Bamboo poles came in around 1900 and were popular for half a century or more, right up until Bob Gutowski ushered in a new era for the sport when he vaulted 4.78 metres using an aluminium pole in 1957. That world record only stood for a few months, though, as Don Bragg (USA) went one better, this time with a steel pole, in clearing clear 4.80m. Innovations came thick and fast in the late 1950's. Copper poles were tested and rejected, landing mattresses introduced, and then, most significantly of all, the flexible fibreglass pole made its first appearance on the international stage. The catapulting action of these new poles brought upward impetus, new vaulting styles, and ever-higher world records.

How to pole vault

Look, I'm no scientist, but apparently, the basic concept behind the pole vault is to convert horizontal energy (the run) into vertical energy (to clear the bar). By progressively accelerating on the run to the pit, planting and then bending the pole, the vaulter propels his kinetic energy into the pole, which then returns it as potential energy as it straightens, throwing the vaulter upwards. Then, as the vaulter reaches the bar, he shoots his legs high and twists his body, relying on the "carry", or forward speed acquired by the run, to take him across the crossbar. In other words, run and jump.

The greatest pole-vaulters of all time

Sergey Bubka: A pole vaulting legend. Bubka changed the standards of pole vaulting single-handed; the first vaulter to clear 6 metres, he then broke the 6.10 metre barrier.
The "Tsar" (as he was somewhat dubiously known) broke 35 world records in his time (18 indoors) and still holds the world record today (6.14 metres). He won every single world championship from 1983 to 1997, but only one Olympic Gold medal, in Seoul in 1988.

Cornelius Warmerdam: This man was the "Tsar" of the bamboo era. Whilst the rest of the world was at war, this American was at the peak of his form, smashing the world record three times in quick succession. His last effort of 4.77 metres, on 23 May 1942 in Modesto, would never be beaten by another vaulter jumping with a bamboo pole. In fact, it was not until Bob Gutowski set a new mark with an aluminium pole some 15 years later, that Warmerdam's record was finally bettered.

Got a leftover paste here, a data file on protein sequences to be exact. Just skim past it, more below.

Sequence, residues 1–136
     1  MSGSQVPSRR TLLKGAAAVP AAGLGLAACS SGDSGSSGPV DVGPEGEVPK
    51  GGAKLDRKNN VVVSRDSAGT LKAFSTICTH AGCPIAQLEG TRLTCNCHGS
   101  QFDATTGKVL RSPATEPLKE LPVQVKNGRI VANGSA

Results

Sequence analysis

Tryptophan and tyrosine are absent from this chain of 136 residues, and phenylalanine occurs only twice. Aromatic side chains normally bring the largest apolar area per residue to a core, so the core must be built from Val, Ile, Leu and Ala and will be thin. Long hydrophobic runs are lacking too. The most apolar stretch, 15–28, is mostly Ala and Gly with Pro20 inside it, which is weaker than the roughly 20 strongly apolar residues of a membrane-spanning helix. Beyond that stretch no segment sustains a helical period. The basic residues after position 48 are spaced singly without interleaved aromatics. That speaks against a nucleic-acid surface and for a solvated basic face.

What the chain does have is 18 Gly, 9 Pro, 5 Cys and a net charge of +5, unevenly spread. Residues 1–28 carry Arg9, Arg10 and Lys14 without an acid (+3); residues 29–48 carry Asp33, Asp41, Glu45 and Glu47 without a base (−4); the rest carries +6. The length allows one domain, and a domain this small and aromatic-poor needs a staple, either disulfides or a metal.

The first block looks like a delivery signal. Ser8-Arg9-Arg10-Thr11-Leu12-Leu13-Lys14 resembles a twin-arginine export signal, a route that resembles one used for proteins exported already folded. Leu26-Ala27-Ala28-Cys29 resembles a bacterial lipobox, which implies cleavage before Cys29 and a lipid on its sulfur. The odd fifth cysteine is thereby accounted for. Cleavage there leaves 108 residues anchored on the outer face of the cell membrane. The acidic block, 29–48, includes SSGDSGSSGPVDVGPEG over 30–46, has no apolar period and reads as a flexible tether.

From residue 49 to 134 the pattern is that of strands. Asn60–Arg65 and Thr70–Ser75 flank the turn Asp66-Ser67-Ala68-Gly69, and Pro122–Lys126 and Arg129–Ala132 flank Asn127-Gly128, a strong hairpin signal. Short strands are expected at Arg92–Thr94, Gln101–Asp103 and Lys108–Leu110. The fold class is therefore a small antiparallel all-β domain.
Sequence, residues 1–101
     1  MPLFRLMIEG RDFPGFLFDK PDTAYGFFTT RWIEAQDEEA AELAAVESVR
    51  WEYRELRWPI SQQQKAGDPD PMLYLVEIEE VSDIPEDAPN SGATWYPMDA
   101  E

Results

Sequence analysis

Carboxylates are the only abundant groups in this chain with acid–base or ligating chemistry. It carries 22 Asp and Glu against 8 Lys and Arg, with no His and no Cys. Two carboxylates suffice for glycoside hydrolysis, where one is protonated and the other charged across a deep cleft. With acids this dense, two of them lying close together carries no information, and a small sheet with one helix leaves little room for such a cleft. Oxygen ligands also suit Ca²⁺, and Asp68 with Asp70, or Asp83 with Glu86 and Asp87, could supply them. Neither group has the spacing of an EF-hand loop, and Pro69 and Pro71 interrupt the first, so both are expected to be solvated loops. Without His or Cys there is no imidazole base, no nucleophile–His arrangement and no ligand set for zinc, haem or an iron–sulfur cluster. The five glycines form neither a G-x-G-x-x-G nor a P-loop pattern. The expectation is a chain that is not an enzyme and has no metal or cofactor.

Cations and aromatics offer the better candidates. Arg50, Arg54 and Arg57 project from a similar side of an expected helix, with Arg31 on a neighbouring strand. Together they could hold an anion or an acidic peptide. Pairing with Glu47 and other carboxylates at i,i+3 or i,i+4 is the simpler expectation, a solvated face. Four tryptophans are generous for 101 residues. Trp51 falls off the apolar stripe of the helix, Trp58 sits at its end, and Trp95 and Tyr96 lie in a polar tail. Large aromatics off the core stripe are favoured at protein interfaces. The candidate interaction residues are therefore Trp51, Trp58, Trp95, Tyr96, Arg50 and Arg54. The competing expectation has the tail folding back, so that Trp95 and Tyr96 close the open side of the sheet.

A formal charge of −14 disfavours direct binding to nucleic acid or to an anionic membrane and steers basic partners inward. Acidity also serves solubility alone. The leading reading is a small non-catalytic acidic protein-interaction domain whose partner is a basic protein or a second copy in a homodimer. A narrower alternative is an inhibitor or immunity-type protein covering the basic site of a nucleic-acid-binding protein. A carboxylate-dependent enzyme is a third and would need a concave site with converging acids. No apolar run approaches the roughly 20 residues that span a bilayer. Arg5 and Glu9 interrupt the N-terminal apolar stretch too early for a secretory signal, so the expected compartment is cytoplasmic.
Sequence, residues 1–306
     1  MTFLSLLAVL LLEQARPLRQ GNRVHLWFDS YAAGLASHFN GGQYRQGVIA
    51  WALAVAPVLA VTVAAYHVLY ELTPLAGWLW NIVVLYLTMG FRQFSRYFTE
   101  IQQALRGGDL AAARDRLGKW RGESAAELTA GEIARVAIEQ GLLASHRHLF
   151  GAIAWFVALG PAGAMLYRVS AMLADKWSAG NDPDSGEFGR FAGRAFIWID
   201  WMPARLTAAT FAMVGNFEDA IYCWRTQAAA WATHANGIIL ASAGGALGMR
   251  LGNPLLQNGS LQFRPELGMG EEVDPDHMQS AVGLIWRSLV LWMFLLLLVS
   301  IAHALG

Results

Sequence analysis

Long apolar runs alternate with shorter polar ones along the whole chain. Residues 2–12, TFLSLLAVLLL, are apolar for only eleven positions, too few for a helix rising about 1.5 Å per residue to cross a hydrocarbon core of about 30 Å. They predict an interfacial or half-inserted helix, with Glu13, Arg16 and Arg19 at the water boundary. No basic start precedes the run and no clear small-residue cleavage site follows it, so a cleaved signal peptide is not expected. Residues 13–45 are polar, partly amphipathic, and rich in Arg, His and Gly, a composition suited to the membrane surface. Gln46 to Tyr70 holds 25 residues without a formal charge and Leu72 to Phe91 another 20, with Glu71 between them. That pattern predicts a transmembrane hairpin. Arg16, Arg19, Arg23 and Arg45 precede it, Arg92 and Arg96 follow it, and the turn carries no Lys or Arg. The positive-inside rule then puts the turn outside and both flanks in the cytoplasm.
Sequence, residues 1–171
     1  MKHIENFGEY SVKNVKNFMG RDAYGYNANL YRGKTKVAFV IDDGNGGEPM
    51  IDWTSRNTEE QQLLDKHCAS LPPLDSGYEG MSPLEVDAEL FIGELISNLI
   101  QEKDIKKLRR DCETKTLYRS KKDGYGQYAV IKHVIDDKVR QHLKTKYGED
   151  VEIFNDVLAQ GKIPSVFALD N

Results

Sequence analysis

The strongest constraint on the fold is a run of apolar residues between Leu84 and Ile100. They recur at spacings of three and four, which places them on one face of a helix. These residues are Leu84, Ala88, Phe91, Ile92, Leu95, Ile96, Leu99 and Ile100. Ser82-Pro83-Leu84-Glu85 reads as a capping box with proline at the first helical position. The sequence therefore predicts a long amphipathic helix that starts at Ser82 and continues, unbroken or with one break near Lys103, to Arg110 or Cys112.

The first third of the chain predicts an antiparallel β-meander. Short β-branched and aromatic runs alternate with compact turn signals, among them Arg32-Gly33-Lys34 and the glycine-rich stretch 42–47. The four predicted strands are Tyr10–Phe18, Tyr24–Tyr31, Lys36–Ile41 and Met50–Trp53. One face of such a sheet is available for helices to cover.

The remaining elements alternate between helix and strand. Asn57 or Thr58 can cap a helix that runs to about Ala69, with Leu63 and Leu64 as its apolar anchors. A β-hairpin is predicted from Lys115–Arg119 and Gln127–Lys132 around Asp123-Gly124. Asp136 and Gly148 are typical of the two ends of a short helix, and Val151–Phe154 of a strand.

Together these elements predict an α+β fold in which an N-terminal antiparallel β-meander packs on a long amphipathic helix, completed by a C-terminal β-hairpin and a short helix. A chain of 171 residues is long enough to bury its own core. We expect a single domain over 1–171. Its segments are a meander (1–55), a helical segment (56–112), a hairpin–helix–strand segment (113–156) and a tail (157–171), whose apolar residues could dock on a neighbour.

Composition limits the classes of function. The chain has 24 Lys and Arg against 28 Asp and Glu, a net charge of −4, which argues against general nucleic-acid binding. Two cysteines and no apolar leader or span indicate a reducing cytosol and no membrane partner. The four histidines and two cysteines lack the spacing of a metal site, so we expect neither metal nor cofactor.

And finally….

"Two guys were watching athletes at the
warm-up track behind the stadium. Amidst the sprinters,
jumpers and throwers there suddenly appeared a man in a
track-suit carrying a long, twelve-foot cardboard
'Here,' said one guy, 'is that a pole-vaulter?'
'No,' replied the athlete, 'I'm a German, and how did
you know my name was Walter?'"
Chick Murray (R.I.P)

THAT is why pole vaulting commands our respect….

Paul Williamson




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Athens2004 (or, jump to a different tune)

Standing in front of my desk I can see the third empty beer can. Being home alone isn't always bad. Parties on my own are probably the best part of my life anyway.

But anyway, the title of the document is Athens 2004 so that's what I should start talking about. Yeah I went there. I was one of those Greeks that used to make fun of the Olympic Games but a friend of mine convinced me to go. It was fabulous. People from all over the world, a band playing ridiculously popular rock songs and there I was, wanting so badly to start jumping like a 6 year old boy or at least dance like I had been doing some days ago at your party. But then I remembered that I'm really shy and in addition to that the place was full of cameras and there was also a huge video wall.

I felt happy. So happy. But why was that? I watched a few tennis matches and I remember myself standing next to some kids waiting for that Croatian athlete Mario Ancic to sign my baseball hat. Yeah, it was that. Would anyone understand me? Was it worth talking to anyone about this? Would they just say "poor Nick, get a life"? Who cared? Then I saw a nice English girl wearing an English flag as a skirt. It would have made a perfect photo. I got the mobile phone out of my pocket and took a picture of her secretly. I wished I had asked her "hey can I take a picture of you?". The concert finished and people started leaving. I was trying to remember how many concerts I wished had never ended. You could hear someone through the loudspeakers announcing that the Olympic Complex would be closing in half an hour so I started realising I had to go. I came back home and I din't want to sleep. I was so excited, I opened the windows and got a beer from the fridge. I was glad I found you on MSN. I wanted so badly to find someone to share my experience.

It's 3 am and I'm still not asleep. I should talk to you some more, then go to bed. I'll sleep hugging my hat tonight. This time, no one is here to see me. I swear I won't miss the chance again to be a 6 year old boy. And maybe it's time to start sharing my feelings with people like you.

Ps Initially, the title was simply 'Athens2004' but I changed it a bit after playing Nixon's 'Crazy, sexy, cool' on my discman...

Ps2 Oh come on! I know that beer isn't for young kids. It's just my ticket to go back to 1984...

Nick P